This week International Women’s Day was celebrated, and that is why we wanted to dedicate this post to two brave women, who did not have it easy and who, even so, were true fighters. We are talking about Las Dos Marías. Maruxa and Coralia. This is his story.
It was the 50s and 60s in Santiago de Compostela. The sisters Maruxa and Coralia Fandiño Ricart, also known as Las Marías, Las Dos Marías or Las Dos en Punto, went out every noon to walk through the old part of the city.
These women attracted attention for their striking outfits, always very colorful, and for their quite extravagant makeup. They chose two in the afternoon, a very crowded time in the center for the students who went home to eat, to be seen.
Coralia, who was the younger of the two sisters, was more shy, while her older sister, Maruxa, was more self-confident. They were the twelfth and fourth daughters of a seamstress and shoemaker marriage with thirteen children.
Their hardships begin with the civil war. In 1925, when the CNT opened its headquarters in Santiago de Compostela, three of his brothers became militants. This anarchist movement, which was initially very well received, collapsed in 1936. During the Francoist repression his brothers had to escape and it was then that the Falangists decided to use the family to find his whereabouts.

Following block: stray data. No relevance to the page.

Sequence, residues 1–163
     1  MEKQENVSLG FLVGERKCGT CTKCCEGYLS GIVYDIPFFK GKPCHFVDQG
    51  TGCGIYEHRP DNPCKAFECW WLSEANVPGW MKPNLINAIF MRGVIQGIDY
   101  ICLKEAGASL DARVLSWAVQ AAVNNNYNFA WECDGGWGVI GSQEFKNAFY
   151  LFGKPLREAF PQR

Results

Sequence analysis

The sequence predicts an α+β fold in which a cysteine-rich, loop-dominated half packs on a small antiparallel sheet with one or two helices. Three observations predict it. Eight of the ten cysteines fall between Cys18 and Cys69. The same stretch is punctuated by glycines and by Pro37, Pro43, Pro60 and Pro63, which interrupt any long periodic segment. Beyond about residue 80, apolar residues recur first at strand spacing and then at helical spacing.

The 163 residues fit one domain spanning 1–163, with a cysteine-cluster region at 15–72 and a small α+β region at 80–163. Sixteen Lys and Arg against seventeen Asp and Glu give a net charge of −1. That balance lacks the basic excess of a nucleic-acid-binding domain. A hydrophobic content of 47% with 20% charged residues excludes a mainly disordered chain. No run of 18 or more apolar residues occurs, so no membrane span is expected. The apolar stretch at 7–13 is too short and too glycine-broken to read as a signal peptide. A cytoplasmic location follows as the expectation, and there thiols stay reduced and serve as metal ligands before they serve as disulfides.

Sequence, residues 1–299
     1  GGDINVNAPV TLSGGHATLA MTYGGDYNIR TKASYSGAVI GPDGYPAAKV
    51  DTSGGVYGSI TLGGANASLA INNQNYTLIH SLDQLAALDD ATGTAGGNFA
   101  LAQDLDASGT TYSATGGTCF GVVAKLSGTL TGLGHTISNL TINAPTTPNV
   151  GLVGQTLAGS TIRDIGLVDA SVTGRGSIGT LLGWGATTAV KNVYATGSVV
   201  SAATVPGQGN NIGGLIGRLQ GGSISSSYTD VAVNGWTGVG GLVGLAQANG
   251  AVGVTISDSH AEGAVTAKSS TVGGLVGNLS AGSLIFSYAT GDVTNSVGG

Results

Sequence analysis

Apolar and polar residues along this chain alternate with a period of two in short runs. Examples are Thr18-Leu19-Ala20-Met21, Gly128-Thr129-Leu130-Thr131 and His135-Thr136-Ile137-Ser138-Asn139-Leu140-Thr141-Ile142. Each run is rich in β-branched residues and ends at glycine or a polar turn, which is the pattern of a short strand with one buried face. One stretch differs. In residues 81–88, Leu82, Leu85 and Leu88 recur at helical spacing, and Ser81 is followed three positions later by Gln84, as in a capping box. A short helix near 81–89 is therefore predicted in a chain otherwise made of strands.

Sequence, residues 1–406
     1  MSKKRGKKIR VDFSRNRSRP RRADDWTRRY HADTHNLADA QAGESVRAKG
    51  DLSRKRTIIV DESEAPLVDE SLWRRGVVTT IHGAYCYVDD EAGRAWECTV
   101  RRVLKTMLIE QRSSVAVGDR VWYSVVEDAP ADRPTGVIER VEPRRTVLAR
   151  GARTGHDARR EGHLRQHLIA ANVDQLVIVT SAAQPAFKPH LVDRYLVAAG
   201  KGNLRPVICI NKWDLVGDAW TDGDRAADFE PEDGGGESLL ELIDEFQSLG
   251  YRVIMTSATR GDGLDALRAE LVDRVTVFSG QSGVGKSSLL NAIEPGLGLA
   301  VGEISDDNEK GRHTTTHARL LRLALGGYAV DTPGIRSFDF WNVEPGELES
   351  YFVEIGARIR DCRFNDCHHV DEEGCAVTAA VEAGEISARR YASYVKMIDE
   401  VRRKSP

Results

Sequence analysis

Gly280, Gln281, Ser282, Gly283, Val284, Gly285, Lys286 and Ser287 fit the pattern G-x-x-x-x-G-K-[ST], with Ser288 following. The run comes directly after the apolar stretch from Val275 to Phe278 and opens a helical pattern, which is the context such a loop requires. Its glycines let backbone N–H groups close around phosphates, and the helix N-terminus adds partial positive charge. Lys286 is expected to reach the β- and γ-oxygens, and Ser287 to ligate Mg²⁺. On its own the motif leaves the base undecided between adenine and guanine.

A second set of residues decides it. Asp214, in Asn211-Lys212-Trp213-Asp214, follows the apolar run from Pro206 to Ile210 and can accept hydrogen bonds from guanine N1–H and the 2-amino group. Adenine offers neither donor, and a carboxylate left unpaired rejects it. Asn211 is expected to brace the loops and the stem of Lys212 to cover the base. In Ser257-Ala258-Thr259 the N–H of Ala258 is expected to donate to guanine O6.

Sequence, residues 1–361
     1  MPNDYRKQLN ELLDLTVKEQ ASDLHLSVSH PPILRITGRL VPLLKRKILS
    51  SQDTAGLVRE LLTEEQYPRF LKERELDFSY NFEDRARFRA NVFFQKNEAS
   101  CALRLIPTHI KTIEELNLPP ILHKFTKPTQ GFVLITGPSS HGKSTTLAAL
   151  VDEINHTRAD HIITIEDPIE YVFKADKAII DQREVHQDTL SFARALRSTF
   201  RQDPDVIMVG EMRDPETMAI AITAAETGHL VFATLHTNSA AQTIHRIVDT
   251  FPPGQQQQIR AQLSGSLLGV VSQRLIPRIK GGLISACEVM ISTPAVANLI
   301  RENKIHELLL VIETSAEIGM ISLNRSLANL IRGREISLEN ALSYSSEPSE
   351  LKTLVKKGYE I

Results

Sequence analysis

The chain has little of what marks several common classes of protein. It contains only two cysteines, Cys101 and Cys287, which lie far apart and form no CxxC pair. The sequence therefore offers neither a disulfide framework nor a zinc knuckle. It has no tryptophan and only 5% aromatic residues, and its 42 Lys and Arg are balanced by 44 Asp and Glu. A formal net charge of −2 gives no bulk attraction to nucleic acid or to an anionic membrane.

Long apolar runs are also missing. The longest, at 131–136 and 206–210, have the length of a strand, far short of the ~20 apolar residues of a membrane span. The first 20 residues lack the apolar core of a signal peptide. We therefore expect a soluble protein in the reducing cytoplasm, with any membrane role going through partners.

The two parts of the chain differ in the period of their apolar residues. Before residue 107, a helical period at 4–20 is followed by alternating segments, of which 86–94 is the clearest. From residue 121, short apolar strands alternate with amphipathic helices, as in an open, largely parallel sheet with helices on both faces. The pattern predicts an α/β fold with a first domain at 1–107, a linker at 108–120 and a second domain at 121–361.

Until two of the brothers were found and imprisoned, the two sisters suffered all kinds of mistreatment, even stripping them naked in public to make them feel ashamed.
Society itself judged them, often out of fear, treating them as “red” and even “prostitutes”. And her work, which until now had been seamstresses, was frustrated. Then they began to go hungry and had problems to survive.
Once the war ended, the neighbors began to help them by buying food.
Despite all these adversities, they never stopped wearing colors. Those colors that “transferred them to youth”.
Maruxa passed away in 1980 and Coralia just two years later.
But it was not until 1994 when the sculptor César Lombera managed to convince the then mayor of the city to allow him to place a sculpture in memory of the Fandiño sisters.
This statue is located at the entrance to the Alameda and it is a realistic reproduction of both during their walks.
Already in 2014, the Ateneo de Santiago Association managed to raise funds to rehabilitate the tombs of both sisters and continue their desire to be together. A plaque could also be placed in his memory.
And here we see another story of fighting women.